Darnall, N., I. Seol and J. Sarkis. 2009. Perceived stakeholder influences and organizations' use of environmental audits. Accounting, Organizations and Society 34(2):170-187. (link )
Darnall, N. 2008. Addressing global environmental challenges: Using information as a novel "local" policy approach. Global Studies Review 4(3):1-3.
Darnall, N. 2008. Creating a green brand for competitive distinction. Asian Business and Management 7(4):445-466.
Darnall, N. 2008. What the federal government can do to encourage green production. The Business of Government Fall/Winter:86-89.
Darnall, N., I. Henriques and P. Sadorsky. 2008. Do environmental management systems improve business performance in an international setting?. Journal of International Management 14(4):364-376.
Darnall, N., G. J. Jolley and R. Handfield. 2008. Environmental management systems and green supply chain management: Complements for sustainability?. Business Strategy and the Environment 17(1):30-45. (link )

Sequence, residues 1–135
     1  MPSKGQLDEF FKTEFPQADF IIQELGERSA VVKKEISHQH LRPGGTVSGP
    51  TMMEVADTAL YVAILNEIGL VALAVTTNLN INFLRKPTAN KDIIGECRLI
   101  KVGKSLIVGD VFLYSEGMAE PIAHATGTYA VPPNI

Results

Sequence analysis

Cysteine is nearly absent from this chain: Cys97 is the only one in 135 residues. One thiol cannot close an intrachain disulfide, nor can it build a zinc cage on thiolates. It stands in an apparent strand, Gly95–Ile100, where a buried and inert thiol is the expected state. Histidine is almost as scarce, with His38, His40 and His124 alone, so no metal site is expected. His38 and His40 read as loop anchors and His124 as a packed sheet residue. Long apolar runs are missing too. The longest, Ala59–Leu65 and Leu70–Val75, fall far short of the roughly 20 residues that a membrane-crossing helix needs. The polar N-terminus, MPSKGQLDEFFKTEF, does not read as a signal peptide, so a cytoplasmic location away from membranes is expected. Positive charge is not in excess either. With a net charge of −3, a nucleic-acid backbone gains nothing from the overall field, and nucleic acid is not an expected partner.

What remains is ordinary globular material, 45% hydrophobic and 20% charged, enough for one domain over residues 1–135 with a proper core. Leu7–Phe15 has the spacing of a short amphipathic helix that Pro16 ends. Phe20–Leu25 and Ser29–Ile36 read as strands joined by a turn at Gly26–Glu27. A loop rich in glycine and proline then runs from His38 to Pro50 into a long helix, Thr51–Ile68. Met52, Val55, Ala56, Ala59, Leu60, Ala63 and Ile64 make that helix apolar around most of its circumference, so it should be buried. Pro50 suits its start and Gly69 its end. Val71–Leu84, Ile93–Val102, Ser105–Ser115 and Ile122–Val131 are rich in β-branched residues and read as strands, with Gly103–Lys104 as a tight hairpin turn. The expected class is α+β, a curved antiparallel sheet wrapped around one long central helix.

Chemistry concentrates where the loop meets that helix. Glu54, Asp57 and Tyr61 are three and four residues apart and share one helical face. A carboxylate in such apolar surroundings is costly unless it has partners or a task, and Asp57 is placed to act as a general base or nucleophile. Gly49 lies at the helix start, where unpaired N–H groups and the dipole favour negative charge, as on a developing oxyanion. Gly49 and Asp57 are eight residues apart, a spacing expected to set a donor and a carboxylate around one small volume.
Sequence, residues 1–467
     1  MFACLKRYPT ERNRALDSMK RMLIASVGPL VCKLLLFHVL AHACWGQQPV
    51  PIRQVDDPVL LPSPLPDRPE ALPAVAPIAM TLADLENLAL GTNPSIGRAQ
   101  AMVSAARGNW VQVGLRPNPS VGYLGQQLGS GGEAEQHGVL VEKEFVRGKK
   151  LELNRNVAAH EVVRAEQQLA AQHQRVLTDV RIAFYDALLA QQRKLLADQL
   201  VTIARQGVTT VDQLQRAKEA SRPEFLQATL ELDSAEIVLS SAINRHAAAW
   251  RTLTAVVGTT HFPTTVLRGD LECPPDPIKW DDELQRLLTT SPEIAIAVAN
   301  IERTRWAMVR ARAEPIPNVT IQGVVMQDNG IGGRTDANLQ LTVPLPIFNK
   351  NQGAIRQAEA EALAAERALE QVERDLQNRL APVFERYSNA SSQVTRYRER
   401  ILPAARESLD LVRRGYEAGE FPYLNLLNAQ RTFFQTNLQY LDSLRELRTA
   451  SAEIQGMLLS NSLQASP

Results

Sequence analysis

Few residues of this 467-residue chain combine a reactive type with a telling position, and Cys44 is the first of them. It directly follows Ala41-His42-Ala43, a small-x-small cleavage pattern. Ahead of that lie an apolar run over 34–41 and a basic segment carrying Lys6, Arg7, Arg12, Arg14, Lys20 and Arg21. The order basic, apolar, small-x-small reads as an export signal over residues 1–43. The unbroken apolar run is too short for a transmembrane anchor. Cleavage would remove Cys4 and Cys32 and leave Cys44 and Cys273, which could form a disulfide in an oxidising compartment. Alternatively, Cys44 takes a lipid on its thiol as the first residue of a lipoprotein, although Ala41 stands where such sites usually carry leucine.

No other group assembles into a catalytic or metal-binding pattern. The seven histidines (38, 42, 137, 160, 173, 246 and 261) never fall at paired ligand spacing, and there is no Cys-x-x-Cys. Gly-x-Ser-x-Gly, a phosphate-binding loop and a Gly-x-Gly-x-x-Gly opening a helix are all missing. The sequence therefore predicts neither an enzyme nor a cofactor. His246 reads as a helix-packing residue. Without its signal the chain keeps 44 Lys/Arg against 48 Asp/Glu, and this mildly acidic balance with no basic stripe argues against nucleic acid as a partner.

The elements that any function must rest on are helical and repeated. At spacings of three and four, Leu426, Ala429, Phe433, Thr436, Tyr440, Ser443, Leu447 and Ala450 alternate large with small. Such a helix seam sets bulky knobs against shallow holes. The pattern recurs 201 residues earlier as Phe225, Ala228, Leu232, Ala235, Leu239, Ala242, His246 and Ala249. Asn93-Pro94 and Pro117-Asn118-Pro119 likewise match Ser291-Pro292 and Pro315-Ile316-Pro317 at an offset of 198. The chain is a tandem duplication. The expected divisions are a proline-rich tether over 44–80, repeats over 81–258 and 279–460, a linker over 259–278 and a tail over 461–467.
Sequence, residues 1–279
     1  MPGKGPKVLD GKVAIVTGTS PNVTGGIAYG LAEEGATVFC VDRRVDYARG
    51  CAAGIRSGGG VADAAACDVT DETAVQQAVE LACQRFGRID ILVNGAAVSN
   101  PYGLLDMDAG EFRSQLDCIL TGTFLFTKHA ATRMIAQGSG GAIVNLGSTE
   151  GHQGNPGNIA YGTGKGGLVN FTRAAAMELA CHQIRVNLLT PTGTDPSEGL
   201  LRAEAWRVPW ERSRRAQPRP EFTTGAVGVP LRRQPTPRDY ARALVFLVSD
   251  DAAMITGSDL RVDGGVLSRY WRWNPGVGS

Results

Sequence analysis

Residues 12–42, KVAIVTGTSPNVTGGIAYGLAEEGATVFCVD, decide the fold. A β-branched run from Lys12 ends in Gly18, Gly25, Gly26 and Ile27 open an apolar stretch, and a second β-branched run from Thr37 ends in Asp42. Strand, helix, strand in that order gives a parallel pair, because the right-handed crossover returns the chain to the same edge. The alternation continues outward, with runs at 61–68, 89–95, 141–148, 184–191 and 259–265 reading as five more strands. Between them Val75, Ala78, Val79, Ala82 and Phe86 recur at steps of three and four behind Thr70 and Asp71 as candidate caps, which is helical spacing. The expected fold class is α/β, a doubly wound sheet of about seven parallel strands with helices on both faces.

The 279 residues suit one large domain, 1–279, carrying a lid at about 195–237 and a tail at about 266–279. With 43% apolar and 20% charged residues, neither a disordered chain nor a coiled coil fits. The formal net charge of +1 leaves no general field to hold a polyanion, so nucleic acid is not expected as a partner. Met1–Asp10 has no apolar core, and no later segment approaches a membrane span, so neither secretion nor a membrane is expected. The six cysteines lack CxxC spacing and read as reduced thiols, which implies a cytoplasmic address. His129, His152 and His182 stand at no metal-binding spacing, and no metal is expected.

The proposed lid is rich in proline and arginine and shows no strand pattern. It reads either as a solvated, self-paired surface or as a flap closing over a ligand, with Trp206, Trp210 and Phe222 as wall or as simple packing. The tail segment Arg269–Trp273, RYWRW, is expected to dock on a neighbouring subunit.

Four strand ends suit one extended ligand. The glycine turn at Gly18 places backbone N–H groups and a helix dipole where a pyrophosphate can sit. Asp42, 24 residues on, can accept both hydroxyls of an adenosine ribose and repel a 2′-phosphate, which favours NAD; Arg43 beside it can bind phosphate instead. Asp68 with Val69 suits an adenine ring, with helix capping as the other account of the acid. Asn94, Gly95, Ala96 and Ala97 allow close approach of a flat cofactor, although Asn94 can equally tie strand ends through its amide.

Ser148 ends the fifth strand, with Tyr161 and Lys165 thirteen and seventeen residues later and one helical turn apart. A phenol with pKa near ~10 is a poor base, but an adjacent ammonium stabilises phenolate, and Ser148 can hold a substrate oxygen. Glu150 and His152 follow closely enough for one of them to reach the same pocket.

Darnall, N. and S. Sides. 2008. Assessing the performance of voluntary environmental programs: Does certification matter?. Policy Studies Journal 36(1):95-117.
Darnall, N. 2006. Why firms mandate ISO 14001 certification. Business and Society 45(3):354-381.
Darnall, N. and D. Edwards Jr. 2006. Predicting the cost of environmental management system adoption: The role of capabilities, resources and ownership structure. Strategic Management Journal 27(4):301-320.
Darnall, N. and J. Carmin. 2005. Greener and cleaner? The signaling accuracy of U.S. voluntary environmental programs. Policy Sciences 38(2-3):71-90.
Darnall, N. and G. J. Jolley. 2004. Involving the public: When are surveys and stakeholder interviews most effective?. Review of Policy Research 21(4):581-594.